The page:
The Ford Motor Company of Canada assembly plant was first established in NSW at Sandown on the river near Parramatta. In 1935, they shifted their New South Wales operations to a new car manufacturing and assembly plant at 350-374 Parramatta Road, Homebush.
The factory was designed by architects Stephenson, Meldrum and Turner. The factory was formally opened on 31 March 1936 and reported in the Sydney Morning Herald that:
“The new Ford factory at Homebush will be opened to-day. Members of the company and dealers have arrived in Sydney from all parts of the State for the ceremony. The day’s programme includes a conference, a tour of the factory, and the screening in the factory picture theatre of the film, “The Ford Year.” Later each dealer will drive away In a car assembled at the factory. A dinner will be held at the Hotel Australia In the evening, when Mr. H. C. French, director and general manager, will be farewelled prior to his departure for England and Canada”.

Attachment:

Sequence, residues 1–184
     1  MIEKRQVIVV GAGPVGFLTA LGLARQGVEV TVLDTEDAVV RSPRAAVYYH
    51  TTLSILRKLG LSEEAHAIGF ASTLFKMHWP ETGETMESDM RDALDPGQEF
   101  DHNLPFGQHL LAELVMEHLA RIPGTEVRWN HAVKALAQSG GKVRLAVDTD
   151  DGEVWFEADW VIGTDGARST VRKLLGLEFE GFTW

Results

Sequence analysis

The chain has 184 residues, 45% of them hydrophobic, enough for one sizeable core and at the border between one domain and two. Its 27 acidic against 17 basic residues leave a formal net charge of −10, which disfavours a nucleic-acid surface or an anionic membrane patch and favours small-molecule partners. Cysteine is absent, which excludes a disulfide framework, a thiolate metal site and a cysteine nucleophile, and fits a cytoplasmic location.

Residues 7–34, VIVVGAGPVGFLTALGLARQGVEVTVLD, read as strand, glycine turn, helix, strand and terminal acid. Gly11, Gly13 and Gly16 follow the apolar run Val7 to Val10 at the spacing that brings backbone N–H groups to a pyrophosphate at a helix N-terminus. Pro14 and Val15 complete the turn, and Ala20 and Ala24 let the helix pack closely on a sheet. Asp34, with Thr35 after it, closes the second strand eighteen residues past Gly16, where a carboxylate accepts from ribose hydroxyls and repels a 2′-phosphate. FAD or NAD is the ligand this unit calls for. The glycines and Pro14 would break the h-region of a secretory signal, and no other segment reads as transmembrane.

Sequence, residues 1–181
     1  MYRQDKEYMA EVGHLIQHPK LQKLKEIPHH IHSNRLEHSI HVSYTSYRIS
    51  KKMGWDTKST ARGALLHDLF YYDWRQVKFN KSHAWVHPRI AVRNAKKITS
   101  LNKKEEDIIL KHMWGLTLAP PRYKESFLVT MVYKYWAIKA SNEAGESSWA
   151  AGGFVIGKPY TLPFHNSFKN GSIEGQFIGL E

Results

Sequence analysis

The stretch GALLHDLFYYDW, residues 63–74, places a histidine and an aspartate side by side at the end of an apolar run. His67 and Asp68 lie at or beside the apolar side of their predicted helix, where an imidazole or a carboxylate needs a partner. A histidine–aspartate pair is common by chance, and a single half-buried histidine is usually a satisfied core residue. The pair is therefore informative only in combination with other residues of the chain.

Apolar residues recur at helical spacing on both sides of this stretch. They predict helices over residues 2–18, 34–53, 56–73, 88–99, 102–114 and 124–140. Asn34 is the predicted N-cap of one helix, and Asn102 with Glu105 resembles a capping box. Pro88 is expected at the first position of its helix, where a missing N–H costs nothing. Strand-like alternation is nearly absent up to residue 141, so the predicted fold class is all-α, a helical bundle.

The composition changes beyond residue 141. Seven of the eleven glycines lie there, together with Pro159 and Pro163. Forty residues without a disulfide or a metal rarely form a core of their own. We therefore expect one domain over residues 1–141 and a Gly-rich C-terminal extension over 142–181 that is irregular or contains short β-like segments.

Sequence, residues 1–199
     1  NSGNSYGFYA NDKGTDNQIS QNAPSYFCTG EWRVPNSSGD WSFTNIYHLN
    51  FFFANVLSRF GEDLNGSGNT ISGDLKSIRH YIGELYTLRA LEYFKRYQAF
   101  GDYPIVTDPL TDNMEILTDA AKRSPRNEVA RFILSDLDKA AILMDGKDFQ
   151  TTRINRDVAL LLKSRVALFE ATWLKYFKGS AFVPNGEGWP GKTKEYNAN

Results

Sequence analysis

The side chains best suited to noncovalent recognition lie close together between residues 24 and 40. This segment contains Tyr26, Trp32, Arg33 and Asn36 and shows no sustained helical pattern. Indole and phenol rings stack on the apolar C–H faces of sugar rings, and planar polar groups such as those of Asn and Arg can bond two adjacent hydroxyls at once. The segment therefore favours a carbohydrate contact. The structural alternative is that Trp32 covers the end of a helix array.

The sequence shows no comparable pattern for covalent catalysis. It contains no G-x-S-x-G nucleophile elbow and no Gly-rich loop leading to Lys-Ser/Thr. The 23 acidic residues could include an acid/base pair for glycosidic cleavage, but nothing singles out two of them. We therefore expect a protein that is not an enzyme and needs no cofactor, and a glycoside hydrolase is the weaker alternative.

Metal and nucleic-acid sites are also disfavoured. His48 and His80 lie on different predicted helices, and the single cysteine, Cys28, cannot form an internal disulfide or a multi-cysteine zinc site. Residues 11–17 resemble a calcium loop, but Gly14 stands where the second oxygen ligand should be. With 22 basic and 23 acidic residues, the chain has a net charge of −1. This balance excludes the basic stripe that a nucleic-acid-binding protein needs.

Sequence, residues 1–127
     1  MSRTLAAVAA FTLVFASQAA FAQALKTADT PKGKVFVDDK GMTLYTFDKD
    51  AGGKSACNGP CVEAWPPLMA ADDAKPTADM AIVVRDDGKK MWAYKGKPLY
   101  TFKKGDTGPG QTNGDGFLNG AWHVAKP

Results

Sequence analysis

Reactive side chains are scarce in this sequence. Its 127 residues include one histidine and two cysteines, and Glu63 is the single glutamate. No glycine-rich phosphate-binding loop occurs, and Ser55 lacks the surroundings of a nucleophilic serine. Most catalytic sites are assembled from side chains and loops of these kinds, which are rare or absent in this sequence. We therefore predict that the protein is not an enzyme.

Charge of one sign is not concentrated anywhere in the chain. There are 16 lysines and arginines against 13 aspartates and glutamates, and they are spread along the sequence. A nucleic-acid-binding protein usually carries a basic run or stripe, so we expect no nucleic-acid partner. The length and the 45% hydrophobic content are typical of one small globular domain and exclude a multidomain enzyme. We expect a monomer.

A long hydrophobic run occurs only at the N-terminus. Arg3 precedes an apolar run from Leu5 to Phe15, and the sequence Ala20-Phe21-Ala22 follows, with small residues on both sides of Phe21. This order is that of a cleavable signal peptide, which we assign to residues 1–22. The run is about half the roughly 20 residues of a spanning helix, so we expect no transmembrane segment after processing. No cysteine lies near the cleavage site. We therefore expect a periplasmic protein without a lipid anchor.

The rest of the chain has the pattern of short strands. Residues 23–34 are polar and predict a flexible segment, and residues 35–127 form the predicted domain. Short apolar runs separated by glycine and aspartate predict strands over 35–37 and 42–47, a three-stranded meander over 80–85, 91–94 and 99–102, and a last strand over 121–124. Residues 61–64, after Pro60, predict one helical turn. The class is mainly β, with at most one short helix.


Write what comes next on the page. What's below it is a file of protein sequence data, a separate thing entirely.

The Ford plant operated 24 hours a day and employed around 1200 workers on split shifts. The Ford plant was a large local employer in Homebush and surrounding suburbs. Many homes in the adjacent Telepea Avenue were built by Ford for employees. These have since been sold and are privately owned.
In 1992, the council boundaries were altered and this site was transferred from Auburn Council to Strathfield Council. The factory closed in September 1994. It has since been developed into a business park.
The Former Ford Factory building (brick facade) is heritage listed.
Author: Cathy Jones 2011, updated 2017